For longer-form articles, they give me a sense of security and control I just don’t feel with Google Docs, so I was thinking of investing in Microsoft Office anyway (or using the free alternative LibreOffice). Having physical files on my PC also meant I could back them up to a NAS device, while also using cloud storage (paranoid? Perhaps).

Cartoon of selfie

(Image credit: venimo/ Shutterstock)

One thing I do like about Google Docs is that it’s constantly saving in the background, so if your PC crashes, you’re unlikely to lose much work, and you can log in and access the documents from other machines as well. 

Even if your PC completely breaks, your documents will be accessible via the internet from another machine. So, I was quite happy to see that Word (and the other Office applications) offer similar functionality. If you save a document to your OneDrive folder on your PC, you can select it to auto save constantly (rather than saving every five minutes or so), and then access those files via the web. It also has version history as well, and you can edit documents within a web browser, so you don’t even need Word or Excel installed.

That made my mind up – and I subscribed. So far I’ve been very happy with OneDrive, and feel a bit bad about ignoring it for so long. There’s an Android app available that automatically uploads the photos I take on my phone, and also helps me save space on my handset by safely deleting uploaded images once they are backed up. It’s not as seamless as using the Photos app and Google Drive on an Android phone, but it’s also not the nightmare I had feared.

So far, the 1TB of storage space has been more than enough for all my photos. I haven't felt the need (nor been bugged) to upgrade my storage. In fact, I now use OneDrive for storing music projects I’ve created in Ableton Live. These can be quite large files, but I still have plenty of space, and it means I can open up those projects on my desktop PC – as well as my MacBook. Yep, there’s a OneDrive app for Macs, and it integrates quite nicely into macOS.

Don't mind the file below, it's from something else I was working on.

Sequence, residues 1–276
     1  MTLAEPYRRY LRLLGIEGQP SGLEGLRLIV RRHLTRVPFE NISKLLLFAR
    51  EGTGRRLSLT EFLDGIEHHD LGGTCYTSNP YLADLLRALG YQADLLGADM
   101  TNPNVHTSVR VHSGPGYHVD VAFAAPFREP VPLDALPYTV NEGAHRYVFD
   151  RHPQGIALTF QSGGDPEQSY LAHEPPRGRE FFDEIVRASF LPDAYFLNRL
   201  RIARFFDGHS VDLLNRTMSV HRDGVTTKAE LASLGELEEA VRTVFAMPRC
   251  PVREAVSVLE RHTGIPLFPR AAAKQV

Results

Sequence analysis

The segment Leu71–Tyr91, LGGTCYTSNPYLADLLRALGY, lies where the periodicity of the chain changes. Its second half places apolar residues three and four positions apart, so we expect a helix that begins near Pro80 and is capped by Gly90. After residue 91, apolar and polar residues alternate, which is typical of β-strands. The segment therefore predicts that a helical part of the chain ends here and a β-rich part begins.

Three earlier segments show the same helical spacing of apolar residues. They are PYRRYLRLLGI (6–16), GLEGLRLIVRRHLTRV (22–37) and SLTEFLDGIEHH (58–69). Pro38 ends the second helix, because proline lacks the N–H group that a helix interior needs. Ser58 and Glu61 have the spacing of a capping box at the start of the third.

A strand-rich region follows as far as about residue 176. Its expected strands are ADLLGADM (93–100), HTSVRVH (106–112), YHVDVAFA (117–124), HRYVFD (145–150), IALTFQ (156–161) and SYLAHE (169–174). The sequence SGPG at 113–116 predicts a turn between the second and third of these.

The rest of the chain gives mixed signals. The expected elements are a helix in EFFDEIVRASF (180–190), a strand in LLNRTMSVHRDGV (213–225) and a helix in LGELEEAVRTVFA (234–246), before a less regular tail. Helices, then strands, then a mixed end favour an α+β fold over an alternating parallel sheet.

Of course, Windows 11 integration is where it shines – even if I still get annoyed by Windows 11 trying to make everything default to my OneDrive storage, and having to scroll past all my OneDrive folders in File Explorer just to get to my local storage (you know, sometimes Microsoft I may want to go into my Downloads folder).

It’s also helped when reviewing new Windows 11 devices. Instead of getting angry about the suggestion of signing up for OneDrive, now when I set up a new Windows 11 laptop or PC, I use my Microsoft Account and enable OneDrive – and all of my files and folders appear without me having to install any third party applications.

So I am happy to admit that I was wrong about OneDrive – it’s a genuinely useful and good value service. Perhaps if Microsoft hadn’t been so pushy about me trying it, I’d have given it a go sooner.

You might also like

Matt Hanson
Managing Editor, Core Tech

Matt is TechRadar's Managing Editor for Core Tech, looking after computing and mobile technology. Having written for a number of publications such as PC Plus, PC Format, T3 and Linux Format, there's no aspect of technology that Matt isn't passionate about, especially computing and PC gaming. Ever since he got an Amiga A500+ for Christmas in 1991, he's loved using (and playing on) computers, and will talk endlessly about how The Secret of Monkey Island is the best game ever made.